JetZero was selected to develop a prototype that will help to mature BWB technology and demonstrate its capabilities.
The Department of the Air Force announced the selection of JetZero for the next phase of a blended wing body prototype aircraft project on August 16, 2023. The effort aims to mature BWB technology and demonstrate its capabilities, giving the department and commercial industry more options for future air platforms.
With a design that differs from a traditional tube-and-wing aircraft, the BWB blends the aircraft body into its high-aspect-ratio wing, decreasing aerodynamic drag by at least 30% and providing additional lift. This increased efficiency will enable extended range, more loiter time, and increased payload delivery efficiencies, capabilities that are vital to mitigating logistics risks, especially in a possible fight over the Pacific Ocean.
“Blended wing body aircraft have the potential to significantly reduce fuel demand and increase global reach,” said Secretary of the Air Force Frank Kendall. “Moving forces and cargo quickly, efficiently, and over long distance is a critical capability to enable national security strategy.” In fact, according to the USAF, the logistics aircraft types account for approximately 60% of the Air Force’s total annual jet fuel consumption, so the capabilities of the BWB could make a huge impact.
The Californian startup JetZero unveiled a multimission design, called Z5, targeting the midsize commercial and military tanker-transport markets back in April. The BWB first appeared as a concept in the late 1980s, but so far has failed to gain traction despite promising performance projections. Now JetZero believes this configuration is the best suited for the current midsize airliner market and U.S. Air Force needs.
JetZero’s Z-5 design, according to the Aviation Week’s report, is optimized for a range of at least 5,000 nm and up to 250 passengers. The all-composite aircraft has a wide single deck and high-aspect-ratio wing. Although this extends the wingspan to close to 200 ft, similar to an Airbus A330, the body length is shorter than a Boeing 767. Despite the overall size, JetZero says the midmarket aircraft “will be about half the weight and require half the power of aircraft it replaces, such as the 767.”
The company targets an entry into service in the 2030s thanks to the use of off the shelf technologies. In fact, the aircraft will be equipped with mostly conventional systems, simplifying development and reducing cost and risk. Fon an instance, the engines could be derivatives of the CFM Leap 1 or Pratt & Whitney PW1100G.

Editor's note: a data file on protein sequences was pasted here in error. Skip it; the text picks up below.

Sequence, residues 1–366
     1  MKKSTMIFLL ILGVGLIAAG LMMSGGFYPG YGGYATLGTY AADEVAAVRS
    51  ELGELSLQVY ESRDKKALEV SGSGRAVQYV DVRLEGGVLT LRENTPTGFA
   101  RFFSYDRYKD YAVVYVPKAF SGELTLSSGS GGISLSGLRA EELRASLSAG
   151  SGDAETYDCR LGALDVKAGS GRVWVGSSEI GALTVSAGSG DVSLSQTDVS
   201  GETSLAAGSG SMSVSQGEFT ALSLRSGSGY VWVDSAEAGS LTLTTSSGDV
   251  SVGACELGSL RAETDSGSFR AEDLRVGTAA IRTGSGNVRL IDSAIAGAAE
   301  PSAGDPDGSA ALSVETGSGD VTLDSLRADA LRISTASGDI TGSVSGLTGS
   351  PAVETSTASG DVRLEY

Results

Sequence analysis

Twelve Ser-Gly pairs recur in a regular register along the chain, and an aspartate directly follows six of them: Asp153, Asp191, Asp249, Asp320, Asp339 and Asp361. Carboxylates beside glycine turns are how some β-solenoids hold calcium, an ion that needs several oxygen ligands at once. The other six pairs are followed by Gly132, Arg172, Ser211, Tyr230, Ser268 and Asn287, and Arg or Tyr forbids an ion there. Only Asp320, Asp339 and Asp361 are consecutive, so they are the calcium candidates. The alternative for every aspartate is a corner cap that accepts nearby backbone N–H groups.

As outlined in the fiscal year 2023 National Defense Authorization Act, the Department of Defense plans to invest $235 million over the next four years to fast-track the development of this transformational dual-use technology, with additional private investment expected. The effort is the result of collaboration between the Department of the Air Force, the National Aeronautics and Space Administration, and the Defense Innovation Unit, with assistance from the DoD’s Office of Strategic Capital.
JetZero submitted its proposal for the $245 million cost-sharing program at the end of March with a complete conceptual design and will now move into the demonstration phase. The Z5 is being proposed also as a tanker, with the capability to carry up to twice the fuel of the KC-46 tanker on a maximum-range mission.
“It’s been a little over a hundred years since a few brave Airmen took to the skies and proved the first aerial refueling capability, extending the global reach of our Air Force. This announcement marks another game-changing milestone for the Air Force in our efforts to maintain the advantage of airpower effectiveness against any future competitors,” said Dr. Ravi Chaudhary, assistant secretary of the Air Force for Energy, Installations, and Environment. A former C-17 Globemaster III pilot and engineer, Chaudhary is leading efforts to ensure efficiencies in operational energy to build greater agility for theater commanders.
When the initial solicitation was released, the Air Force stated that the BWB “is one of the single most impactful technology opportunities for future U.S. Air Force aircraft, both in terms of capability improvement and greenhouse gas emissions reduction.” The conversion of the Air Mobility Command’s and Global Strike Command’s fleets to the BWB design would reduce annual fuel costs by $1 billion compared with kerosene at current prices, according to the officials.
The Air Force Operational Energy Office expects completion of initial flight testing as early as 2027. JetZero, meanwhile, is preparing to flight-test its subscale BWB demonstrator, a 23-ft-wingspan, 12.5%-scale vehicle funded under a 2021 contract awarded during an earlier round of NASA’s Sustainable Flight Demonstrator (SFD) program.